By Lucy McDonald from www.crumbsfood.co.uk
The best bit about Eric Lanlard’s cookery classes is the French man himself. He is affable, hands-on, approachable, and, I imagine, a rare breed – a TV chef without an ego. And one who confesses to using shop-bought puff pastry. It’s hard not to love him.
I attended his one-day Cake Boy class (although you don’t need to be a boy to go!) held in his wide, light café/workshop in Wandsworth, south London. At one side of the room are lots of comfy chairs for coffee drinkers and at the other, two Corian-clad work-stations for the cookery classes.
Despite being a keen home baker, this was my first proper cooking lesson ever and I was nervous about what to expect. But the atmosphere was relaxed and the other three attendees (classes are for up to eight) were of varying abilities, so it didn’t feel as if I was competing on MasterChef.
Over the six-hour lesson I made possibly the most impressive looking, and tasting, three cakes of my entire – admittedly limited – baking career.
After an espresso and a massive raspberry muffin, Eric started the day by explaining that baking is like chemistry and that it is imperative that you follow the recipe, otherwise disaster or disappointment awaits you. Hmm, that told me, a slap-dash, improvisational cook at best. It was a good lesson to learn at the beginning of the day. We then talked about what cakes we would be making – spicy chocolate tart, chocolate ale fruit loaf and apple chocolate bake. We were each given the recipes on sheets, shown where the ingredients were and left to get on with it.
Communal cooking in an unfamiliar kitchen is quite discombobulating, especially when the cakes sounded like they were way out of my comfort zone. But the equipment was top-rate (Sharp knives! Silicon mixing spoons! Electric scales!) and Eric very hands on – always there to offer advice and demonstrate technique.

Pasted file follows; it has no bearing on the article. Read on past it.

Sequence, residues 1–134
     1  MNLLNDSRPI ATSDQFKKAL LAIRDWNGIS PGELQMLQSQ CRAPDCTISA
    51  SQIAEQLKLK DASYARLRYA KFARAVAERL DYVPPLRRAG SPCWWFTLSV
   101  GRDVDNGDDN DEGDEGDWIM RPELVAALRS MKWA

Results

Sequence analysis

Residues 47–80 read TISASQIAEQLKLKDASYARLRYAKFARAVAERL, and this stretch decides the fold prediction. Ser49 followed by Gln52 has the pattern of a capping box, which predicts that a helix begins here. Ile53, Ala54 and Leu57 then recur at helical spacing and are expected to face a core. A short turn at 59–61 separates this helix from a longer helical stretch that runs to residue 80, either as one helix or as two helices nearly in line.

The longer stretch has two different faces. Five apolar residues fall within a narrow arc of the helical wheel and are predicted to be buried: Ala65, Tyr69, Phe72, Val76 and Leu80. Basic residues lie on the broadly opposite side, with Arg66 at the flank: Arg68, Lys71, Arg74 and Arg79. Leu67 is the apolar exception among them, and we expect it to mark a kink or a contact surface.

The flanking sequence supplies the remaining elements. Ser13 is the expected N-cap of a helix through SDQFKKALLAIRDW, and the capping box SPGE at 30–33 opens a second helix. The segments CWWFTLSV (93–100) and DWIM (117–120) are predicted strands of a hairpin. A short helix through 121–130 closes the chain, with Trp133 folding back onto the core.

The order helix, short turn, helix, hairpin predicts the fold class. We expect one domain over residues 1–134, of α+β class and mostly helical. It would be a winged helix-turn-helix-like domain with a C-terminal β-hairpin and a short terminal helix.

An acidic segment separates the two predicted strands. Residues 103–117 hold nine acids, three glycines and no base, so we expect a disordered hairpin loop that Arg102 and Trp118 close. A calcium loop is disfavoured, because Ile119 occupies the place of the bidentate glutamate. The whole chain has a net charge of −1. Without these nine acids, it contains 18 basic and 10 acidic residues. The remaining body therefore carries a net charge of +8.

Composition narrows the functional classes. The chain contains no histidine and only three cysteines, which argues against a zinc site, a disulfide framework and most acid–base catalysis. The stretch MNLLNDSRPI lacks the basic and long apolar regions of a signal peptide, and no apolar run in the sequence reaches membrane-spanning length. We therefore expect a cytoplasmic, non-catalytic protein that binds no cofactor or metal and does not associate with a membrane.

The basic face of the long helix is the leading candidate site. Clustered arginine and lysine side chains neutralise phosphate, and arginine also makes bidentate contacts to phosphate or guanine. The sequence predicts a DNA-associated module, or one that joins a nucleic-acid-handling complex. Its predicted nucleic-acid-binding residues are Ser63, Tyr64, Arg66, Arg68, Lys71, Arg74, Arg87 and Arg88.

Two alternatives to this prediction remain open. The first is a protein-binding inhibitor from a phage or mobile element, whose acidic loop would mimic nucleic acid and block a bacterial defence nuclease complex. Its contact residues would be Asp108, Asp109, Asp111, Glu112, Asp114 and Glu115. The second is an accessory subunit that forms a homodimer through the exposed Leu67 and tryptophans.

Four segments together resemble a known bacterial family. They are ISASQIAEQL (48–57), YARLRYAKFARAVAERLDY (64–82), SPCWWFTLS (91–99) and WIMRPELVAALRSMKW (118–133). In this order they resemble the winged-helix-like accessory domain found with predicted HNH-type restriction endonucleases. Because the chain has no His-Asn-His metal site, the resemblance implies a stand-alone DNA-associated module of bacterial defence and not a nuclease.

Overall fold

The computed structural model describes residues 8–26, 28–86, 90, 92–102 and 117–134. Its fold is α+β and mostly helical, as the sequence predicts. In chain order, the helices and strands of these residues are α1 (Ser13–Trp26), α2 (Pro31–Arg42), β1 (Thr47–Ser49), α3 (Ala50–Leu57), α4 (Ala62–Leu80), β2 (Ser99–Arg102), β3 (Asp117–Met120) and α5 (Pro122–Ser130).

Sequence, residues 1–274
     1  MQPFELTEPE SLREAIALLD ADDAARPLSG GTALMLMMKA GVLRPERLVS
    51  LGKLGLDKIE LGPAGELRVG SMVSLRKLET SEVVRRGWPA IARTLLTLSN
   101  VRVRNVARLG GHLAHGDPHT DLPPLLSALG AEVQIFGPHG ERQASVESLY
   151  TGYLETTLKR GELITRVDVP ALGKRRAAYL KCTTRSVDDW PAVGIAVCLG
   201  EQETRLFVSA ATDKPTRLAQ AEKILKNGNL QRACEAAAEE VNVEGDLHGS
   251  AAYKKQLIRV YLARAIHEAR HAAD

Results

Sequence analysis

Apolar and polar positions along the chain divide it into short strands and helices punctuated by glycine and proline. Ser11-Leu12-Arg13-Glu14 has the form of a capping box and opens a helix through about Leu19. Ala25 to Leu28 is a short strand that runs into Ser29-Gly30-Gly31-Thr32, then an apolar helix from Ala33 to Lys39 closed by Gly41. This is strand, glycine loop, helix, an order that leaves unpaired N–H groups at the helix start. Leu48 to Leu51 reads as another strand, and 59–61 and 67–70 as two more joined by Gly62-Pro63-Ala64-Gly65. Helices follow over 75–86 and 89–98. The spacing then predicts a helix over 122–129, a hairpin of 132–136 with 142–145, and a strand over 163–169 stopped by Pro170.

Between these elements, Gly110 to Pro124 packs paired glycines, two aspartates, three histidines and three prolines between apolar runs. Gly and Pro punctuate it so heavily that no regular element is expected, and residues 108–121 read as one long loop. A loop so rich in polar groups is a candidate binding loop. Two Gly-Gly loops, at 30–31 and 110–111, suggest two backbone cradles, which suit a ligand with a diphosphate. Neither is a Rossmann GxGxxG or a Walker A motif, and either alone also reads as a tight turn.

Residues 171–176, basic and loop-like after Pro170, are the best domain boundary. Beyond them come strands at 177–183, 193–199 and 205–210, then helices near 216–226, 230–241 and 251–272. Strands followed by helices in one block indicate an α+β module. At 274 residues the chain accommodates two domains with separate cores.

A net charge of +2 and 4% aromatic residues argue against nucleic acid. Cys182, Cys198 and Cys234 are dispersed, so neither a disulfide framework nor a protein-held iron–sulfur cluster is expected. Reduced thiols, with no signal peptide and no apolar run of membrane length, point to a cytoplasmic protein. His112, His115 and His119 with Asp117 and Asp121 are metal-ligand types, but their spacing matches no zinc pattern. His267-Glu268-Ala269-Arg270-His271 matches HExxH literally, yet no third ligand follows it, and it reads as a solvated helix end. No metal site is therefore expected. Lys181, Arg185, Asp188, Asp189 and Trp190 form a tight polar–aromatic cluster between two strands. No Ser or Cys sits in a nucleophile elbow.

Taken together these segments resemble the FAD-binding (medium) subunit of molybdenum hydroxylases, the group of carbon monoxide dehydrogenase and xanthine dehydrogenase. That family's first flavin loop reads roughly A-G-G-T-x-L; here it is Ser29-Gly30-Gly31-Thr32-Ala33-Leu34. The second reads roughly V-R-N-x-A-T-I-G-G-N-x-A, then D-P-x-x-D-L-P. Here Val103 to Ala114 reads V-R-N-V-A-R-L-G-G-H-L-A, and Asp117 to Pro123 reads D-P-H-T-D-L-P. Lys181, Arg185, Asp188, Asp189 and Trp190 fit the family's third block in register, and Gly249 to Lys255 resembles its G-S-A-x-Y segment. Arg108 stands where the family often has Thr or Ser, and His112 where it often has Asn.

The second best bit of the day was that whenever you put anything dirty down, Eric whisked it away to be washed-up behind closed doors. Can you imagine how great home cooking would be with a sous-chef?
He also understands the limitations and desires of the home cook. He explained what cakes could be frozen (apparently uncooked pastry can be too) and offered short cuts that don’t compromise quality. For example, as well as recommending shop-bought puff pastry (pure butter is best apparently – available in most supermarkets), he thinks ready-made apricot glaze is worth buying and spurns vanilla essence and extract for paste, which comes with those lovely little black seeds in it.
The morning was spent making the cakes. Three in a row and it was hard work. Hats off to Mary Berry for stamina. And then after lunch (roast chicken, pasta, salad, cake and wine – eaten all together, Eric included) we decorated them.
Top tips I learnt were… to use different types of raisins in a fruit cake because it looks prettier; cook a cheesecake base for 10 mins before filling to stop it going soggy, and although you can just about get away with not sieving flour, you must always sieve cocoa powder and icing sugar as it is too lumpy.
The course cost £250 which is a fairly significant outlay, but as I walked out with three beautifully wrapped cakes (you take everything you cook home) which wouldn’t have looked out of place in a proper patisserie, a goody bag containing a decent cookbook, loads of ingredients, a muffin tin, an apron, and a new-found baking confidence, it seemed almost an investment.
Click here for information on Channel 4’s new series of Baking Mad with Eric Lanlard